The Ties That Bind: The River Collection - Rolling Stone
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The Ties That Bind: The River Collection

Springsteen’s best archival release yet is packed with live drama and revealing outtakes

Bruce Springsteen; Ties that Bind


Bruce Springsteen sang about growing up on his first album, when he was 23, with the glee of a lost boy amazed to find anyone was listening. As he approached 30, though, his idea of adult life was different – something you couldn’t necessarily run from, no matter how many songs about escaping down the highway you had.

The River is where Springsteen grew his sound up. The music he made – 60-plus songs over 18 months – focused the operatic sweep of Born to Run and the existential struggles of Darkness on the Edge of Town in smaller narratives anchored by the concrete details of time and place. The subject matter was long-term relationships, with the hope that the songs would mark a path forward that wasn’t only aesthetic.

The Ties That Bind shows how charged with desperation the work was, almost as inexhaustible as the questions it asked. It expands the 1980 double album with 22 outtakes (half never before released) and a 10-song version of The River that Springsteen turned in to his label, then took back and spent a year expanding. This music isn’t transitional: It searches for answers but knows its sound, which is what makes this the most satisfying of Springsteen’s archival album sets. Even throwaways like the rockabilly rumble “Chain Lightning” and the acoustic guitar sketch “Mr. Outside” crackle with urgency.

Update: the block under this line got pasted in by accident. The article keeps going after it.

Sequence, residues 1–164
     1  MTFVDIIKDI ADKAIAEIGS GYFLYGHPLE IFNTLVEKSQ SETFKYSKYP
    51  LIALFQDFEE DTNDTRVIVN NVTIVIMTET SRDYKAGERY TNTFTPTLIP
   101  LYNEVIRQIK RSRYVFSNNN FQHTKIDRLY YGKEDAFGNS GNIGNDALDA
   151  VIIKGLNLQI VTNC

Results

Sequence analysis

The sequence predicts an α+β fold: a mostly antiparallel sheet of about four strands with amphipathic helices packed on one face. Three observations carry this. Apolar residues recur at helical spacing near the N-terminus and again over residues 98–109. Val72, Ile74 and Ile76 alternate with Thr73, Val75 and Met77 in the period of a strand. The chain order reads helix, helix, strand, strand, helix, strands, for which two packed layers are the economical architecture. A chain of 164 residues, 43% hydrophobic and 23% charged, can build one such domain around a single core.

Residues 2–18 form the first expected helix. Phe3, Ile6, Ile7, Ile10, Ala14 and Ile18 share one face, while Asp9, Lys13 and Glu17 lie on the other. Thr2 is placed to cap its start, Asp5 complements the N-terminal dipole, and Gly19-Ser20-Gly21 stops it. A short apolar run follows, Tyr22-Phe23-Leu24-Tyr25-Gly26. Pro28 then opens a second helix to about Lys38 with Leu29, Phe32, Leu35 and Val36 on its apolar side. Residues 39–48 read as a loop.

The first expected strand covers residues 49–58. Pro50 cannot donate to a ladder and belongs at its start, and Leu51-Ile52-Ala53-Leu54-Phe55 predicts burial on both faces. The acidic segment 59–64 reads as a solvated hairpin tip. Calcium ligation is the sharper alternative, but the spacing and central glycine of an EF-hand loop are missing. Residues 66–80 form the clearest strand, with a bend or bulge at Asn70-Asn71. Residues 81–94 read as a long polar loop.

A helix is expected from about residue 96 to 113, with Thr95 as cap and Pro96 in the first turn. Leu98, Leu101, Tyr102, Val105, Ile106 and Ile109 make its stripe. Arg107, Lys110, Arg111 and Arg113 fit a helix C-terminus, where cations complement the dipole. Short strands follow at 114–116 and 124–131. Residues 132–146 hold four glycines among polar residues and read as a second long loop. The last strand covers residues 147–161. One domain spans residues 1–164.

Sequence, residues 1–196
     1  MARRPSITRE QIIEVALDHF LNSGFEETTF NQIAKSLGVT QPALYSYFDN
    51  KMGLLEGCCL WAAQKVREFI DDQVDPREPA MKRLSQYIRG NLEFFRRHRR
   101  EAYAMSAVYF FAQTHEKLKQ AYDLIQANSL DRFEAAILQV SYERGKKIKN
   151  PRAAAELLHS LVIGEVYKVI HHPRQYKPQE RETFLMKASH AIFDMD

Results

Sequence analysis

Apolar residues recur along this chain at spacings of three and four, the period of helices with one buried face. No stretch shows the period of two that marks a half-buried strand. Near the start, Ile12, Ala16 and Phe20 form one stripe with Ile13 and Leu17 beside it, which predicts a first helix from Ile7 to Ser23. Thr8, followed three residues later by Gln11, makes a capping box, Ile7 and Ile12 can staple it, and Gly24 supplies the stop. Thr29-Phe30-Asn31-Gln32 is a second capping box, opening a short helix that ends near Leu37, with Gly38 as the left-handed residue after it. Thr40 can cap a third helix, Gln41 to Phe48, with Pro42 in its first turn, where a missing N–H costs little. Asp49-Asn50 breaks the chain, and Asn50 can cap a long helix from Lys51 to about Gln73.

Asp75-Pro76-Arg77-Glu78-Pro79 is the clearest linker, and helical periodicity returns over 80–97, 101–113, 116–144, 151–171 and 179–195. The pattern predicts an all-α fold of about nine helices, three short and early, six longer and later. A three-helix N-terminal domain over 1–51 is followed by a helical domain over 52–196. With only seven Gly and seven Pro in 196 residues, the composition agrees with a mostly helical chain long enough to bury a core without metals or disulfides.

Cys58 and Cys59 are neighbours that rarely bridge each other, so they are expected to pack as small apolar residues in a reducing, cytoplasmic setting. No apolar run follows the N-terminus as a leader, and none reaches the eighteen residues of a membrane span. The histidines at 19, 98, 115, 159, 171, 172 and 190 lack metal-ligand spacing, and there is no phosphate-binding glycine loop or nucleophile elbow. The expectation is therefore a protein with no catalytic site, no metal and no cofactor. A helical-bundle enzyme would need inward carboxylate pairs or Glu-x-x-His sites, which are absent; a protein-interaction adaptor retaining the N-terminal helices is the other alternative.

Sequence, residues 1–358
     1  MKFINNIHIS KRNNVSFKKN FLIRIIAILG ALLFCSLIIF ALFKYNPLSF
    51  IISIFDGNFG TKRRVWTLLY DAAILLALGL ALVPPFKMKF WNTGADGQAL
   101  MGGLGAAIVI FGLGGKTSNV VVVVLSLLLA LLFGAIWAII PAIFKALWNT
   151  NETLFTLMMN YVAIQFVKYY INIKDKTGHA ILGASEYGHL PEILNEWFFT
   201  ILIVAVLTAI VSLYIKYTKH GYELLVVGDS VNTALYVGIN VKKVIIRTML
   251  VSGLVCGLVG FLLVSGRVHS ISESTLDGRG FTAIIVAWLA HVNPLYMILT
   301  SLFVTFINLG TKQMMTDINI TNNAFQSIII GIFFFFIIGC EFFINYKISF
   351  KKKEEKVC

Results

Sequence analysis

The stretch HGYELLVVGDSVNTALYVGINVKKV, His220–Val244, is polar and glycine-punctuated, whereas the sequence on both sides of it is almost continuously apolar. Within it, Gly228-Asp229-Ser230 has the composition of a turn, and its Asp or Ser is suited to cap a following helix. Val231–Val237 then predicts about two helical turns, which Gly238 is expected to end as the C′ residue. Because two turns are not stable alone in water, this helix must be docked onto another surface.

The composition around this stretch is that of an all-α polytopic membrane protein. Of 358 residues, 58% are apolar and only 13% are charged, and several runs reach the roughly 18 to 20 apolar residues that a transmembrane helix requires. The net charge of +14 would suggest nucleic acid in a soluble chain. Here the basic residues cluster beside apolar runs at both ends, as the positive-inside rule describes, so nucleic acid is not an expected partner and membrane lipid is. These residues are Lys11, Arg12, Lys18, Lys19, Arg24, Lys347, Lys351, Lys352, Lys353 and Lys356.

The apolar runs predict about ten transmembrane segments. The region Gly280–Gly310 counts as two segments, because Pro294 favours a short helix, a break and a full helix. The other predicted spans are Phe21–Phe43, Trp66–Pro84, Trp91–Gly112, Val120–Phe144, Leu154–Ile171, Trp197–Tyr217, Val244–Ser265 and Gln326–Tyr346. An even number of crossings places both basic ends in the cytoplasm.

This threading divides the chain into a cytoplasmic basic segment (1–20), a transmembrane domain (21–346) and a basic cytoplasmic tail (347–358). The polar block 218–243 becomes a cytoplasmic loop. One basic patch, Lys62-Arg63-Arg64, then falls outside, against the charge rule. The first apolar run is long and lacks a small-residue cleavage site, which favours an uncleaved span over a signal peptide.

Contradiction, too. Springsteen wanted an album that captured the breadth of his live shows – that’s why he withdrew a ballad-heavy single disc and blew it out with garage-band rompers that brimmed with what he’s called the “never-ending now” of the three-minute pop song. He was making music to be played on the road, but he was writing it about the desire to establish a home and family. The sound of The Ties That Bind is dense, claustrophobic. The feeling is a room – a bar, an apartment, a studio – and the fight to establish meaning outside that room. The songs form boxes that the band strives to break out of, often led by the skyward soar of a Clarence Clemons solo.

A DVD of a 1980 concert in Arizona shows how that freedom – both the manic and the tragic – translated live. As with most concert films, you may not find yourself firing it up more than once. No matter. The music is full of teenage dreams crashing up against reality, dusting themselves off and trying to figure out the next move. If we’re lucky, it’s a story that never stops.

In This Article: Bruce Springsteen


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